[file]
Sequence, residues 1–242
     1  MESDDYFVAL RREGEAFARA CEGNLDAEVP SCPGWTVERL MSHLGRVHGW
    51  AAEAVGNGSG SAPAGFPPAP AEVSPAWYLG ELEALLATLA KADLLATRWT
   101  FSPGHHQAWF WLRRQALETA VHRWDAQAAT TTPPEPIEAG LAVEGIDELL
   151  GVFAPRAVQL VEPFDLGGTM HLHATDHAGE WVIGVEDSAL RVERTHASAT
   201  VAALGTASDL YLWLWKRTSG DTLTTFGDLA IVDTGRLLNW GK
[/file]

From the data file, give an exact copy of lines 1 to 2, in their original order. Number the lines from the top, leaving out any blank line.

Sequence, residues 1–242
     1  MESDDYFVAL RREGEAFARA CEGNLDAEVP SCPGWTVERL MSHLGRVHGW